When people argue over word choice, they often compromise, telling each other, “It’s just semantics.”
Try telling that to Mars Petcare. The strategic choice of a preposition propelled a strategy that generated millions in revenue and enabled it to beat rival Nestle Purina in multiple markets.
Look at each firm’s purpose statement.
Purina: Better with Pets
Mars: A better world for pets.
The Harvard Business Review piece, “Put Purpose at the Core of Your Strategy,” reveals why Mars had foresight to go into the lucrative pet health market, while rival Purina stuck with battling it out in the lower-margin price-sensitive pet food market.
In the Harvard Business Review piece, authors Thomas W. Malnight, Ivy Buche and Charles Dhanaraj say “the companies have defined a very similar purpose for themselves.”
Similar? I beg to differ. The nuance comes in the form of a preposition and one very important now.
These two purpose statements are not similar; they are dramatically different. I’ll go one step further; the difference in purpose statements is directly connected to Mars outperforming Purina.
Purina’s “better with pets” is a mantra that does not inspire action. It just tells people we like pets. When Mars tells you it is committed to “a better world for pets,” it galvanizes action and drives strategy.
To be clear, I love every other aspect of this article. It’s insightful and actionable, and every leader should read it. But on this point, the authors missed a nuanced and crucial difference.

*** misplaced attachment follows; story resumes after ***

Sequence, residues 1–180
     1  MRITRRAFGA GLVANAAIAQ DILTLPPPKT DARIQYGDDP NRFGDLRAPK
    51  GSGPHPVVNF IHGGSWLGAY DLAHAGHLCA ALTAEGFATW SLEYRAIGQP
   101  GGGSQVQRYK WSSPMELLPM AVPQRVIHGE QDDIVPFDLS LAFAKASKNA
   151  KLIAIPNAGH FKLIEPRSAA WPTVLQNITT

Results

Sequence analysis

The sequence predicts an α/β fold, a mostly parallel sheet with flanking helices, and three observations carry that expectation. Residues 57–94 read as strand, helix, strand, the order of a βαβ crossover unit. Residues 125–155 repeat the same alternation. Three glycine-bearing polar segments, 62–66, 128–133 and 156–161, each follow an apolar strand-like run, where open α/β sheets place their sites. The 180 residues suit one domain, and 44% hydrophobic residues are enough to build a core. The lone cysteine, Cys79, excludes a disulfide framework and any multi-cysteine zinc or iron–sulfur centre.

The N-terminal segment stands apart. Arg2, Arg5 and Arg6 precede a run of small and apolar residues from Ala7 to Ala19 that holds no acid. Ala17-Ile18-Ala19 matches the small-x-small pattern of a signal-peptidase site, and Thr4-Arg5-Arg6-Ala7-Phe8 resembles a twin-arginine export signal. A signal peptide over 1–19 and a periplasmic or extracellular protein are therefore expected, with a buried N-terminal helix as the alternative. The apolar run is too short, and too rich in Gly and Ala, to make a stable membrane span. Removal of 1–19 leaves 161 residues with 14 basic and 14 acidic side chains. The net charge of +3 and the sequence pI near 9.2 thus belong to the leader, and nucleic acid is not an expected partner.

To illustrate the dramatic impact of the differences in these two statements, let’s substitute children for pets.
Imagine one organization proclaims its purpose is: better with children.
That’s nice; we’re all in the club. We believe the world is better with children. Perhaps we believe we’re the company that is better with children compared to the competition. We can rally around it and feel good about ourselves. This no-action statement is certainly better than no shared belief. But if I work here, what am I supposed to do as a result of this statement? Put it on the website and have T-shirts made?
Now imagine another company says its purpose is: A better world for children.
Whoa, this is some serious stuff. This is big. We have to do something. Where do we start? We should probably identify all the things making the world bad for children. We can look at places where children are thriving for models we could scale. We’re going to have to make choices, so where do we focus. How do we measure our impact? Which markets should we pursue? Which ones should we avoid?
In short, we’re going to have to create a strategy.
Therein lies the difference. Semantics are everything. Pursuing those five words – a better world for pets – drove Mars into new products and markets. The HBR piece said Mars “was able to pull off a transformation because it ensured that every move it made was aligned with the same core purpose.” Mars Petcare became the largest and fastest growth division of Mars Inc.
When we work with organizations to create purpose statements and formulate strategy, we tell leaders up front that every word matters. Your purpose drives every aspect of your business, from major strategic decisions to daily behavior. As the Mars vs. Purina competition reveals, it’s not just semantics.
– Lisa Earle McLeod is a leadership consultant and the author of several books. For more information on her company, visit McLeodandMore.com.